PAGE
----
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Posts Tagged ‘Russia

towards the ousting of Trump and his confederacy of dunces

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Before all this shite came up I was writing something completely different. In order to alleviate myself of my own existence for a while, I should get back to it, and update it.

We’re living in interesting times, and I can’t help but put my weird and less than minuscule shoulder to the wheel in trying to bring down Trump and his cowboy cronies. I’ve been trying to ignore this stuff but it’s just getting too exciting. There’s been the Paradise Papers, the Facebook revelations, sex scandals and of course the Mueller inquiry. The pundits of the cable news network MSNBC are almost peeing their pants on camera as they gleefully rake through the revelations of Russian links to the Trump administration. It’s a great time for the media, with an obvious charlatan in the White House, whose buffoonery provides endless talking points, while ordinary folks and elephants get shafted big-time.

I’m not always a huge US watcher, and I’m of course pretty ignorant on the details, but it’s been a circus that’s been difficult to ignore lately, and the pickings are getting richer and richer. I’m garbling up metaphors here, so let me calm down and look at the now distinct possibility of removing Trump from office. First, the Mueller inquiry. NBC news is reporting, with apparently impeccable sources, that Trump’s former, albeit brief, national security adviser Michael Flynn is close to being charged with money laundering and perjury by the Mueller team. Of course, Trump’s former campaign manager Paul Manafort and his aide Rick Gates have already been indicted and it looks like a junior but big-talking foreign policy adviser to the administration, George Papadopoulos, is assisting the team with their inquiries after pleading guilty to perjury about Russian connections. I’ve been listening to a number of legal and political experts being interviewed, mostly on NBC, and it looks as though the case against Manafort, the biggest fish, is extremely strong, and it seems like a matter of days before Flynn is indicted, but what would I know? On top of that, there’s Jefferson Sessions, the US Attorney-General and apparently an arch-racist, who has perjured himself under oath, and others who are key figures in the Trump admission, including his son-in-law Jared Kushner.

It does seem as if Trump’s hold on power is crumbling, unless I’m falling prey to the manic glee of American liberal pundits. Certainly there are polls and election results that suggest maybe I’m not getting ahead of myself. There has just been an election victory for the Democrats in Virginia, and the (extremely unpopular) Republican governor of New Jersey, Chris Christie, has been swept out of office. The Virginia result in particular is being treated by some as a watershed event (where does that odd term come from?) but maybe not. Certainly though it’s bad for Trump, who heavily supported the Republican candidate (then threw him to the dogs when he lost). The apparently reliable Reuters/Ipsos poll measuring Trump’s approval/disapproval rating has him currently at about 36%, with 59% disapproval, figures which have remained more or less steady for the last two months. I don’t see a huge dip in the polls – his numbers have always been quite low, it seems, but unless they pick up he’s going to be very vulnerable, and may become more extreme under pressure. His lack of success in pushing his agenda, his gaffes, his tweets, the Russian mess  and the inquiry, they’re all converging to ensure that he won’t be elected again, but what are the chances for those who want him out before the next election. Surely almost all hopes lie with the Mueller inquiry.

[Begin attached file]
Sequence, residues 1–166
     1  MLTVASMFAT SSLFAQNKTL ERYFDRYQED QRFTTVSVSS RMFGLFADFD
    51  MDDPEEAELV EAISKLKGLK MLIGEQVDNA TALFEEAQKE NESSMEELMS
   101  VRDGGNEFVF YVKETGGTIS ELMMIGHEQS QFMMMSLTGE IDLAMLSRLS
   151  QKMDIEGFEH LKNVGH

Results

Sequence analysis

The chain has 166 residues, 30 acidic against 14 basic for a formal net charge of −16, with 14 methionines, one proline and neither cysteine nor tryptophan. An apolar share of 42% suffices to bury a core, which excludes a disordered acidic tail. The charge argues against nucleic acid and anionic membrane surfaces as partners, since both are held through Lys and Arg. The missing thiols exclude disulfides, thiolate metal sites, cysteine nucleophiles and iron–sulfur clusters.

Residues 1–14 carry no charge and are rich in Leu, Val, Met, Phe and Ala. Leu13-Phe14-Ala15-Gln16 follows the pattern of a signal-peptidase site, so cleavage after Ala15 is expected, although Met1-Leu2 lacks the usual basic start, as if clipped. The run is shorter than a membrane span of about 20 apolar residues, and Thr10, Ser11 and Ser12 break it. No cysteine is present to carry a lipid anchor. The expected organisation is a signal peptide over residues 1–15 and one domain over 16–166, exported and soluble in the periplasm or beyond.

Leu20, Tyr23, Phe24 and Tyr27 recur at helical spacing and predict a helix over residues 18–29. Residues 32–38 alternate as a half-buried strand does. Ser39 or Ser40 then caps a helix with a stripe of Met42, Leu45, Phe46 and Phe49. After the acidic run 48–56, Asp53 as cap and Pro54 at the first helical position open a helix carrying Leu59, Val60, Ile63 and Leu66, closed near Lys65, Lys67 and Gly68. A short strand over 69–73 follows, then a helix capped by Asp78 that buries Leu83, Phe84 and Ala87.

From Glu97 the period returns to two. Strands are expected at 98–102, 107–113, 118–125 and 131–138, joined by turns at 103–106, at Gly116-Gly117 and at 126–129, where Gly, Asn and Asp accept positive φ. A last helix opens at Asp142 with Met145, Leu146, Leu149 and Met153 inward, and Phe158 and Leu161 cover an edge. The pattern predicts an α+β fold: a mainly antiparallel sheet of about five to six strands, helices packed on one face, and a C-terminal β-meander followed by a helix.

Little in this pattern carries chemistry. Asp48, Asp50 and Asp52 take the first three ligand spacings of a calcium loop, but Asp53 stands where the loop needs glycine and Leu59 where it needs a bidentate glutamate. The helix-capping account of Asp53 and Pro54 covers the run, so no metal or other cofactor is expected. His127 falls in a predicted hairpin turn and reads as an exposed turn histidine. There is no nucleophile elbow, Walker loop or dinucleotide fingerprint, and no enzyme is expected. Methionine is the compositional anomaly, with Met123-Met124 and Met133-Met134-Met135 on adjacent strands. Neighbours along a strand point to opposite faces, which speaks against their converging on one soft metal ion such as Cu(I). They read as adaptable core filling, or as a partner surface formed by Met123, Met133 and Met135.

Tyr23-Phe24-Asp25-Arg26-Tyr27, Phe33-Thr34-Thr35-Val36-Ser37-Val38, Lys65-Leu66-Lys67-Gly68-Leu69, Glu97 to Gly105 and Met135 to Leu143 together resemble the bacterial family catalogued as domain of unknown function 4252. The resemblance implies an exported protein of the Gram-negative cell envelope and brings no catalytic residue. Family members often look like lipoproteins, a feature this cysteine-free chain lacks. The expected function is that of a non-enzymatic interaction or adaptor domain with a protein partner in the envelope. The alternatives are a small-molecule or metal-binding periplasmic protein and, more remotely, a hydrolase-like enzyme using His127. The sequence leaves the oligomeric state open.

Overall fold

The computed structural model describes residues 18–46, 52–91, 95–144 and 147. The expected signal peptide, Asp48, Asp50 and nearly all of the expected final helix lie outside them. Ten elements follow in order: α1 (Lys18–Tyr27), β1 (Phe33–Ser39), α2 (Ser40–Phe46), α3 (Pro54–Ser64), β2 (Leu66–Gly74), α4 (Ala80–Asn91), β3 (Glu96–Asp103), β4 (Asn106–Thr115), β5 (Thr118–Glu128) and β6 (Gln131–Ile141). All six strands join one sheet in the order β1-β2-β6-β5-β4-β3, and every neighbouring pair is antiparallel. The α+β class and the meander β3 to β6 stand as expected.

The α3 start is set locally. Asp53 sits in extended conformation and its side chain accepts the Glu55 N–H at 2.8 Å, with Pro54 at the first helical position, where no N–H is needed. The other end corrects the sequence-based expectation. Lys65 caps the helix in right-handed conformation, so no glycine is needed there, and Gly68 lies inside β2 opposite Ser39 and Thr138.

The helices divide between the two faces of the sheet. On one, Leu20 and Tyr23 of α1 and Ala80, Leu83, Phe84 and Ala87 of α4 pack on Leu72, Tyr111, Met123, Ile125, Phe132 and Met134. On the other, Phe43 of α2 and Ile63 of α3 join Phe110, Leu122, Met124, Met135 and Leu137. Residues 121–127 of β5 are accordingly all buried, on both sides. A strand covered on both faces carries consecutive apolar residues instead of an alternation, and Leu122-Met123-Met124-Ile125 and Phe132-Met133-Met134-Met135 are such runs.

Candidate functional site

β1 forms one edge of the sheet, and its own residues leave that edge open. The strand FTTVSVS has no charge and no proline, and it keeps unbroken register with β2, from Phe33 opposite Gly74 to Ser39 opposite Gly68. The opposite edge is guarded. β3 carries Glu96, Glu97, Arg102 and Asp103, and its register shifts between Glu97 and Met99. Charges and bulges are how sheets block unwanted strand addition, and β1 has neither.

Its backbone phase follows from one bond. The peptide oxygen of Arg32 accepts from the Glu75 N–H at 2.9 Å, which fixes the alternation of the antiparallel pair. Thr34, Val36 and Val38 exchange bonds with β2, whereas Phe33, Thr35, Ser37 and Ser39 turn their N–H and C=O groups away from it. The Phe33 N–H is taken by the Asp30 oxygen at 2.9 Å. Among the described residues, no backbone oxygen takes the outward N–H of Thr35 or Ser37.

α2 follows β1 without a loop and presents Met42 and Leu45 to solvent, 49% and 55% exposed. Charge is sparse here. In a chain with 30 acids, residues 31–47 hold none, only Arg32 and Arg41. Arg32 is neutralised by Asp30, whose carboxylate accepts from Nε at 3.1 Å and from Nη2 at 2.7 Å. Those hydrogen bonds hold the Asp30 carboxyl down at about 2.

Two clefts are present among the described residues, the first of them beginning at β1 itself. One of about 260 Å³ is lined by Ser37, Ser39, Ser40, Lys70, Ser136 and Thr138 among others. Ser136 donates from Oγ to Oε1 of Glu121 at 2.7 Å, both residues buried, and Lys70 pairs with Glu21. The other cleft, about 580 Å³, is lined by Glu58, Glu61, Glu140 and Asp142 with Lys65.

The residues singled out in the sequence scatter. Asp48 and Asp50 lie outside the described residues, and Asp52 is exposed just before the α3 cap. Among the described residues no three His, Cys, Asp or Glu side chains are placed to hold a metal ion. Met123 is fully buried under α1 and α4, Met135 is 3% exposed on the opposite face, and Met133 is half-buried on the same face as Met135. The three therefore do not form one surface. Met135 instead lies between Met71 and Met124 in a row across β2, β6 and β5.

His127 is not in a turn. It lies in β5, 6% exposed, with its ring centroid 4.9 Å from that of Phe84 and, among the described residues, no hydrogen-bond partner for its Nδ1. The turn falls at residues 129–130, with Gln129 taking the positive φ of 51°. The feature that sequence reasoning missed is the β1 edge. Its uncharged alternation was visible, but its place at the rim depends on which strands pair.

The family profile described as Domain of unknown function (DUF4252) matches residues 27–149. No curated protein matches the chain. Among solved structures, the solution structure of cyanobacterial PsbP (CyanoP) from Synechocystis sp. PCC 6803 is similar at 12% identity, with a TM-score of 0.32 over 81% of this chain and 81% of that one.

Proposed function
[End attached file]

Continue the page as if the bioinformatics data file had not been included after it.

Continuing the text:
Robert Mueller was the Director of the FBI from 2001 to 2013, its longest serving director since the thuggish J Edgar Hoover. Appointed by George W Bush, he was given a two-year extension to his term by Barack Obama, and was eventually replaced by James Comey, who was controversially sacked by Trump earlier this year, a decision which may prove disastrous for the man with One of the Great Memories of All Time (a memory which may well be tested under oath soon, according to former US solicitor-general Ken Starr). It was Comey’s slightly controversial dismissal that led directly to the 2017 Special Counsel Inquiry headed by Mueller, since Comey alleged that Trump had essentially tried to obstruct justice by asking him to drop an FBI inquiry into Flynn and his connection with Russia. Mueller and his team’s brief is to investigate “any links and/or coordination between Russian government and individuals associated with the campaign of President Donald Trump, and any matters that arose or may arise directly from the investigation”, to quote from assistant Attorney-General Rod Rosenstein, who appointed Mueller in the position. That’s a pretty wide brief, it seems to me. Mueller has a fearsome reputation and he’s gathered together a team of 16 lawyers, some of them highly reputed, and if Flynn is indicted, which appears a near-certainty, things may well reach crisis-point for the administration.

So it all appears to be going along nicely, if painfully slowly for those who want Trump and his confederacy of dunces removed. The thing is, Mueller and his team will be thorough. They won’t go charging in and arresting people unless the evidence is clear, and even then they may try to use the guilty as hell to gain more information about other parties, in exchange for a degree of immunity. I’m sure I’m not the only one who would love to be a fly on the wall of Mueller’s Justice Department offices over the coming weeks.